Police departments nationwide are facing a crisis in recruiting and retaining officers as morale among law enforcement plummets. Progressive prosecutors are being criticized for targeting police more vigorously than criminals. Young officers are leaving early due to stress, scrutiny, and lack of support from superiors.

Meagan McCarthy, a former San Bernardino County sheriff’s deputy, was forced into retirement after a violent encounter with a suspect left her with PTSD. Despite the incident being captured on video, her attacker was acquitted of attempted murder charges. McCarthy now hopes her children do not follow in her footsteps and enter law enforcement.

Other officers, like Taylor Marino, have also left the force due to low morale, heavy workloads, and a lack of support from leadership. Progressive policies that allow repeat offenders to get out of custody easily and commit more crimes have also contributed to the decline in morale and recruitment.

Law enforcement agencies are struggling to attract qualified candidates, and some are even lowering their standards to fill vacant positions. The exodus of experienced officers has left remaining officers with increased workloads and liabilities.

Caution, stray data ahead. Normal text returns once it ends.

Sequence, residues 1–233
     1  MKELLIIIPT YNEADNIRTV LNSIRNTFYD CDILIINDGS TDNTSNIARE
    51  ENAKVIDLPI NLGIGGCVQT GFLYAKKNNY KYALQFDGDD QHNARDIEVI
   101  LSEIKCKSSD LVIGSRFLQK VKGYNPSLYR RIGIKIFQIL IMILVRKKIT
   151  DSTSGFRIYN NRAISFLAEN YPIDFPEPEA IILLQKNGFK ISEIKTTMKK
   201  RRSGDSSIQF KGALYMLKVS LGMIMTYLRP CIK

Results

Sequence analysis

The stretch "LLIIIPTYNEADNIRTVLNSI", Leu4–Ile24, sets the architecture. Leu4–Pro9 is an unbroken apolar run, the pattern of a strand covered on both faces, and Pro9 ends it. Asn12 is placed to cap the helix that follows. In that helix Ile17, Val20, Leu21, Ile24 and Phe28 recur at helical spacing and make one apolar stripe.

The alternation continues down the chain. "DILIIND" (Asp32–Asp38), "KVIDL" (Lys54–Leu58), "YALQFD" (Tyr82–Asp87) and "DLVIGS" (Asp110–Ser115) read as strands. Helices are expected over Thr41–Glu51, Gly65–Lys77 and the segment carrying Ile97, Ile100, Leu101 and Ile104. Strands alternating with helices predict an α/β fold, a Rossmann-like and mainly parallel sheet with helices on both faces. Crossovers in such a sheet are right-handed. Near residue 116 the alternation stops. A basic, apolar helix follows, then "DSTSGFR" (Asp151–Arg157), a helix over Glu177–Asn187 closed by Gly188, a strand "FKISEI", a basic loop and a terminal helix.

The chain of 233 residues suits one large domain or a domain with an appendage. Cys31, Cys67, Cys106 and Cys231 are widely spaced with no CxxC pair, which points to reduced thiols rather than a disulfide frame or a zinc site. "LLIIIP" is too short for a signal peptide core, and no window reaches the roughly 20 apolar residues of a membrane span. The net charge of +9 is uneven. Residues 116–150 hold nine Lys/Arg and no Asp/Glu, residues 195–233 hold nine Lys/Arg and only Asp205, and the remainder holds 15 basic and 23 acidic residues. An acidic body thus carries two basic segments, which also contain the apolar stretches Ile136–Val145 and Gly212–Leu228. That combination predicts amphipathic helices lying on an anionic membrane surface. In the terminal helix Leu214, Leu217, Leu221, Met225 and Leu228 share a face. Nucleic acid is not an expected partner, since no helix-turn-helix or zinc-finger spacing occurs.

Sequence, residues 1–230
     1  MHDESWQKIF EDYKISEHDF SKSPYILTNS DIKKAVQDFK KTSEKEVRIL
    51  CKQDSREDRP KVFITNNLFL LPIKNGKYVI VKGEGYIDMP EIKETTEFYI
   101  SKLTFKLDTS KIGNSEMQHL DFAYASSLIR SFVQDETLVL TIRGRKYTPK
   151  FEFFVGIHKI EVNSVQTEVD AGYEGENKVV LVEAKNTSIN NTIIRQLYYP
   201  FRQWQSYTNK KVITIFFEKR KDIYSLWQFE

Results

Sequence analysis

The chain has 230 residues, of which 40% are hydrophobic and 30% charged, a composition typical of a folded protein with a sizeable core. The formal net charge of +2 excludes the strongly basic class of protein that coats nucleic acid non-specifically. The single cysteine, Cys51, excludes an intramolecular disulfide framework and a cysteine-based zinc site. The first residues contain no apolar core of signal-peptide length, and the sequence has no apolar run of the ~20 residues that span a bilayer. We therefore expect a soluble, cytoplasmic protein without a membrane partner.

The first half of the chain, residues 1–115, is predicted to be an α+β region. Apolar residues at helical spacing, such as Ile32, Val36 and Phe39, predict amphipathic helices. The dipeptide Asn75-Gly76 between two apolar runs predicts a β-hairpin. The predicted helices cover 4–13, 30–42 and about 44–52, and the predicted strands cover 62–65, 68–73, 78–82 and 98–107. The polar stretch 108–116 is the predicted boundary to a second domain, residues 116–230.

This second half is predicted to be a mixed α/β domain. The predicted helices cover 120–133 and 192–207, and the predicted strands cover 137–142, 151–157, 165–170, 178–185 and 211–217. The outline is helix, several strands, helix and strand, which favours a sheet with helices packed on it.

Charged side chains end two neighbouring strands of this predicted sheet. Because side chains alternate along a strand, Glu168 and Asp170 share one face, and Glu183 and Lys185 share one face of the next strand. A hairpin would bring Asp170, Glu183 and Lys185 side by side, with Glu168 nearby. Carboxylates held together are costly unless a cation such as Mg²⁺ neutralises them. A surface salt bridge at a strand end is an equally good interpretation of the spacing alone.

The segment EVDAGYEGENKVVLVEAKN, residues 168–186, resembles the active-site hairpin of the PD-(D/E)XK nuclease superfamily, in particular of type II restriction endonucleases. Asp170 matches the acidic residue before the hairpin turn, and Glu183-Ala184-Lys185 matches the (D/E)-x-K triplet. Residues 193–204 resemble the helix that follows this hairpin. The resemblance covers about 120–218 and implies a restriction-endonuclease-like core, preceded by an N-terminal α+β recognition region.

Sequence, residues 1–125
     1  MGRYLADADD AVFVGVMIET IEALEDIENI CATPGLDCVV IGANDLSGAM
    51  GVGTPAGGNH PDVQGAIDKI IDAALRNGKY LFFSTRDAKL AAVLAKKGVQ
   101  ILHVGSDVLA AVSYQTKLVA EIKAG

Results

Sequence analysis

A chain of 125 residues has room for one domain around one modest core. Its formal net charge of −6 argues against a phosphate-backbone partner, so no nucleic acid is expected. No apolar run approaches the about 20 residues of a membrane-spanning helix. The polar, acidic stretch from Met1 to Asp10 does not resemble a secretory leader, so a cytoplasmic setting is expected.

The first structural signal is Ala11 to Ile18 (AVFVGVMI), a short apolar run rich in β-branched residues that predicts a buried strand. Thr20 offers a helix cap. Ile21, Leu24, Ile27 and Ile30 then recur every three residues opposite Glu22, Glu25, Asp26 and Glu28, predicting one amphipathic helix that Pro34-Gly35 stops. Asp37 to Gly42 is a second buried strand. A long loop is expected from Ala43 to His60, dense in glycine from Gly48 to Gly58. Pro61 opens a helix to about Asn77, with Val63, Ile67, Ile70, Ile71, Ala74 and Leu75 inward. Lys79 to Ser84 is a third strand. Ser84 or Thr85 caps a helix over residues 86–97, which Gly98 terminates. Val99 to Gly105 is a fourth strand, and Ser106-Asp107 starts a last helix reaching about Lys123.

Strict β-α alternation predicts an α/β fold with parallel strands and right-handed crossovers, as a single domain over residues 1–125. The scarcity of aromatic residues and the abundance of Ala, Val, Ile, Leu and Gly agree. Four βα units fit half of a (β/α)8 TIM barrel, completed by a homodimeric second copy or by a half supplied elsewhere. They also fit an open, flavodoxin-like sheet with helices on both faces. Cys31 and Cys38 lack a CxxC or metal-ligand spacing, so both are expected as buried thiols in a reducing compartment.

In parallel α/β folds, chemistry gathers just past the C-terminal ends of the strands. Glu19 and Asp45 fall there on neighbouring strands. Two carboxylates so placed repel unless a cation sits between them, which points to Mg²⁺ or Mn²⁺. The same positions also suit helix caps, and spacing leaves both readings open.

Despite these challenges, there has been a slight increase in police hiring in smaller departments. However, big cities are still below pre-2020 riot staffing levels. While some departments offer hiring bonuses and increased salaries to attract officers, the average hourly wage for police officers has only seen a modest increase in recent years.

Overall, the current state of law enforcement recruitment and retention is concerning, with many experienced officers leaving the force and agencies struggling to fill vacancies. The impact of progressive policies and the negative public perception of law enforcement are contributing to this crisis. The future of law enforcement recruitment and retention remains uncertain as departments nationwide grapple with these challenges.